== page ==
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We're all human. We all make mistakes. And to her great credit, while Kirsten Diederich made her share of mistakes, she did so while taking on the low-pay but high-stress and hugely important job of chairing the North Dakota Board of Higher Education. In other words, she was "in the arena." She was doing her part and serving her state; and for that, North Dakotans owe her their sincere thanks. But just as Target Corp.
Congratulations to Brian Schill, chairman of the Grand Forks Library Board, for the grant application that recently won finalist status in the Knight Cities Challenge. The board hopes to give library patrons "a 21st Century library experience," and crafted the library's grant application with that in mind, a Herald story reported. Clearly, the board is thinking big and trying to be creative in fulfilling Grand Forks' needs. And as long as "thinking big" and "being creative" are on the agenda, we'd like to return to a suggestion that we made early last year, which is that Grand Forks and UND
You're a college student accused of sexual assault, and your disciplinary hearing at a North Dakota University System campus is under way. If you say nothing, that can be used against you. But if you speak up, that can be used against you, too especially later. For if criminal charges result from the accusation, then everything you say at the hearing will be admissible in court. What to do? Start here: Get a lawyer.
One from Tioga, in northwestern North Dakota. One from Fort Ransom, in the southeastern part of the state. Two from Bismarck-Mandan. Four from Fargo. And none from Grand Forks. So, that's how it will stand on the North Dakota State Board of Higher Education, assuming the North Dakota Senate confirms the appointments that the governor made Monday: For the first time in more than a generation, Grand Forks will not be represented on the higher-ed board.
Universities across the country have come up with a novel idea in the ongoing fight against campus crime. Social intervention – meaning not necessarily some sort of physical act –...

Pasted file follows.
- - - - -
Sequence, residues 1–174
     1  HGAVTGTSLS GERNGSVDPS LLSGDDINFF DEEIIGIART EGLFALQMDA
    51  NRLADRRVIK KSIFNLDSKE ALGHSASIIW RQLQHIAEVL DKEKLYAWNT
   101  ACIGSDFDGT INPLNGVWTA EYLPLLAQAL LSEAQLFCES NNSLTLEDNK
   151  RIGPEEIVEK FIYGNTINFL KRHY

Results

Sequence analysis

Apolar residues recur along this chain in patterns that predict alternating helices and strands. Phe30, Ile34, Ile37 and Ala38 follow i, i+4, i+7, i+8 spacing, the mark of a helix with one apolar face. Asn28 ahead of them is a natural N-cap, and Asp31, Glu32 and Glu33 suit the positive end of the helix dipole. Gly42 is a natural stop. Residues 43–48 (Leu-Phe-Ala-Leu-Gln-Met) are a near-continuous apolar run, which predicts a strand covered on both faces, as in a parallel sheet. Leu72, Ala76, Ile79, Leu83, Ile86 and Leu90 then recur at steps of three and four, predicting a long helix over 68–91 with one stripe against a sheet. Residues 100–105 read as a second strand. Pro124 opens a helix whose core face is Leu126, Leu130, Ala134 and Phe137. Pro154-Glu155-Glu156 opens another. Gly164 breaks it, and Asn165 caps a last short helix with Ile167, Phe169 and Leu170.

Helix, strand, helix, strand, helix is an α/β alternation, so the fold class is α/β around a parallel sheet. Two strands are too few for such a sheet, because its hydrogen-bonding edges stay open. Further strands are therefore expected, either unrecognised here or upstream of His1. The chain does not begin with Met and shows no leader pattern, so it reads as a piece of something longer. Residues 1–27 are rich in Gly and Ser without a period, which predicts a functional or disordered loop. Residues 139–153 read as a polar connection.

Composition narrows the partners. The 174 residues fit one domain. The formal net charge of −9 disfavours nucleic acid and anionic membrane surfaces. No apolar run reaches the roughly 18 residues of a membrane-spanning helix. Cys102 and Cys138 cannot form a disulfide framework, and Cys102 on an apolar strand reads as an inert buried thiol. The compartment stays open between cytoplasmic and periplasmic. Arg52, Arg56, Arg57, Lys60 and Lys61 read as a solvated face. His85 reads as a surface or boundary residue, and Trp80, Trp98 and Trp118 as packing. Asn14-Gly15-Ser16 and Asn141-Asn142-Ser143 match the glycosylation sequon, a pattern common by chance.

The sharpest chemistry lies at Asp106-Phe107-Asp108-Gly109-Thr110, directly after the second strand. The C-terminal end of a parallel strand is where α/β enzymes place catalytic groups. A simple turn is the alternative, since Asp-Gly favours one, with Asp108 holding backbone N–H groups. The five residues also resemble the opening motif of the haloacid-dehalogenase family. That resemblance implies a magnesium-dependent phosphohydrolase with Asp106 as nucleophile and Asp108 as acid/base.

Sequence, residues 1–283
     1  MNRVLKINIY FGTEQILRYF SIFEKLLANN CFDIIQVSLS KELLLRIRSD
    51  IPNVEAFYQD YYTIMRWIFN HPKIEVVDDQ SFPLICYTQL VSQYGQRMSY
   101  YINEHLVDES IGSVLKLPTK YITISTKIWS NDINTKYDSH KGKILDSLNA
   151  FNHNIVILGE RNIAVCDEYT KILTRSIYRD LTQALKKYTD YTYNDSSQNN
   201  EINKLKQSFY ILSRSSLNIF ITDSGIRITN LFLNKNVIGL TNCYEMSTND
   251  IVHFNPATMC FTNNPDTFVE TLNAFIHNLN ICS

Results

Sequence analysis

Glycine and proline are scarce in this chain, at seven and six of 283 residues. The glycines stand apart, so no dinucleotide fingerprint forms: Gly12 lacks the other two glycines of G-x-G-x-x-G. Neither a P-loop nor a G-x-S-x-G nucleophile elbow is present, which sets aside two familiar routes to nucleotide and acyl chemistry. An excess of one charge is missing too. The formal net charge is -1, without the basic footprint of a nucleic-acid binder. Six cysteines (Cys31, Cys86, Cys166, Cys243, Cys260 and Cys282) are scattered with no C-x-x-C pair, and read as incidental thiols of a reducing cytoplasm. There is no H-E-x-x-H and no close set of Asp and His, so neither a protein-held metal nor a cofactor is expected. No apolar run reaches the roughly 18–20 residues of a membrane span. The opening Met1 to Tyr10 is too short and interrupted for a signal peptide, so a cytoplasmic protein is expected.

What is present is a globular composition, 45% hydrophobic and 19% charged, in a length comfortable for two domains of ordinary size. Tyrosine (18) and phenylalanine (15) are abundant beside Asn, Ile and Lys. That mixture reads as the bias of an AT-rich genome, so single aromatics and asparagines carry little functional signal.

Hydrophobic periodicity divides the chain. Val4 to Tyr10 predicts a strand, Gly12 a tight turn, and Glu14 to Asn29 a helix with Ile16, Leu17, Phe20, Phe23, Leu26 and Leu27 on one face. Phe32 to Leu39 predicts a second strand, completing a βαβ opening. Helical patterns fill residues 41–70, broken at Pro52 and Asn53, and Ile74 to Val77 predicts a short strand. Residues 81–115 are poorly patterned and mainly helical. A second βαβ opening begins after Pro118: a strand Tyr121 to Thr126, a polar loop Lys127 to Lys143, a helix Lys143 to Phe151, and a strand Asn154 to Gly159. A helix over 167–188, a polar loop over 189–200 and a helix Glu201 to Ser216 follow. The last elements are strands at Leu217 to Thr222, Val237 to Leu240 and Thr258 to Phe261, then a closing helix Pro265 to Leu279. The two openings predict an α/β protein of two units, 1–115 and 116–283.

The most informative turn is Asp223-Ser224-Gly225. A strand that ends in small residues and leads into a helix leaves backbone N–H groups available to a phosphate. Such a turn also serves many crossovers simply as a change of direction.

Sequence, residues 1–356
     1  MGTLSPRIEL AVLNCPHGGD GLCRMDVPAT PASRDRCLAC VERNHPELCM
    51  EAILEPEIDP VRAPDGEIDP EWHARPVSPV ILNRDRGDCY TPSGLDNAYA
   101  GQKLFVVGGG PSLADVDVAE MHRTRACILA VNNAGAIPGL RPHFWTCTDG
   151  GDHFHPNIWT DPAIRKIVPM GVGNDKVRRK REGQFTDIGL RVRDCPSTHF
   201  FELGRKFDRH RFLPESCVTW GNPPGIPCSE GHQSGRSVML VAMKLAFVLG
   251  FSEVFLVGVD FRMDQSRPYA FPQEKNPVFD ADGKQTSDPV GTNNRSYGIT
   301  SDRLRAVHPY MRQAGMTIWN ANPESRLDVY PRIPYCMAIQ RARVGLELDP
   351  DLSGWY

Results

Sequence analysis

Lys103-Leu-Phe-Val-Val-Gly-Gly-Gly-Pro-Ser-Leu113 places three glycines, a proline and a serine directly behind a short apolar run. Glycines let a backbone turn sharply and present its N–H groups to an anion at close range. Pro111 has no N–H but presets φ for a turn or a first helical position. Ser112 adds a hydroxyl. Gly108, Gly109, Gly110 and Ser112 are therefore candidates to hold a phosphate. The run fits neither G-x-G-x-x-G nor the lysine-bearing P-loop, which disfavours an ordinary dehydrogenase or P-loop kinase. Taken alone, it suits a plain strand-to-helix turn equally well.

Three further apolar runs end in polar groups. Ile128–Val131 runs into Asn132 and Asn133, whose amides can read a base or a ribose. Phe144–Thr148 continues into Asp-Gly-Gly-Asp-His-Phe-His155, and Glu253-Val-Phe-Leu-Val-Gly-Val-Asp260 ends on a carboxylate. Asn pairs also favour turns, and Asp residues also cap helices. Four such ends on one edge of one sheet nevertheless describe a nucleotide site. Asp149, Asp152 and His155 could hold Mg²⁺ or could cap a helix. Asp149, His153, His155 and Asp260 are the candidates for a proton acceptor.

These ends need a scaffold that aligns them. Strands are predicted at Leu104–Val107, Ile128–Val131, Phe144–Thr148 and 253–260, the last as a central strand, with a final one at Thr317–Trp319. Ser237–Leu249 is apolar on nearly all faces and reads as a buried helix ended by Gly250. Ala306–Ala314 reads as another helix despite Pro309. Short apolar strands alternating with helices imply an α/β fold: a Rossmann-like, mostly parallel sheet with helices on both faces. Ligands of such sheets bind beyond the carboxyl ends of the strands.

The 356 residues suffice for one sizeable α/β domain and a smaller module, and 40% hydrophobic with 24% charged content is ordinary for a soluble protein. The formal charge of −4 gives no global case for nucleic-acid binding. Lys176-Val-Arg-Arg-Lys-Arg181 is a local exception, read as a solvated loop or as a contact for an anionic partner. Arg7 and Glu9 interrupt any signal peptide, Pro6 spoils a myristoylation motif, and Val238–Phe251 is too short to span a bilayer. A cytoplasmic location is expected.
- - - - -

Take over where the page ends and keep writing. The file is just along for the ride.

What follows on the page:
Years ago, a talk-radio host found a way to silence complaints about a slow housing market, then and forever. The caller was fretting about how long his home had been on the market. But the host interrupted: "Look," he said."Let's say you put your house on the market for $1. Would it sell?" Well, sure, the caller responded. "Then the issue is only partly the slow market," the host declared. "The other part is your refusal to lower your price.
Oil prices collapse. Gas prices fall. And all of this in utter defiance of theories of resource scarcity, including Peak Oil: How wonderful it is to see The Doomslayer, the late economist Julian Simon, proven right once again. And while Simon died in 1998, a kindred spirit now graces America's editorial pages.
This time, the alarmists are not crying "Wolf." They're crying "Too few wolves." But the effect will be the same: a cynical public not only ignoring the calls, but also resenting the groups that keep raising false alarms. Expect a backlash, in the form of Congress taking control of wolf populations out of the hands of activists and judges and giving it back to wildlife biologists, where it belongs. It has happened before. It should happen again.
Without question, North Dakota needs to spend more on effective mental health services, the Herald's series on mental health has documented. And luckily for the state, farsighted lawmakers agree. Gov. Jack Dalrymple's budget boosts funding for the services by 13 percent, in part because of the recommendations of an interim legislative committee, a Herald story reported. But as North Dakota's legislative session approaches, California's experience should be both an example and a cautionary tale.
Here's a prediction: The North Dakota Department of Health's proposed rules on oilfield waste will go into effect with few changes. If that happens, then the result will be both a credit to the department's rulemakers and a road map for enacting environmentally sensitive regulations. Other state agencies — notably, the North Dakota Industrial Commission — should take note. As the health department enters a comment period on its proposals regarding TENORM (technologically enhanced naturally occurring radioactive materials), its efforts so far stand out for this reason: The depart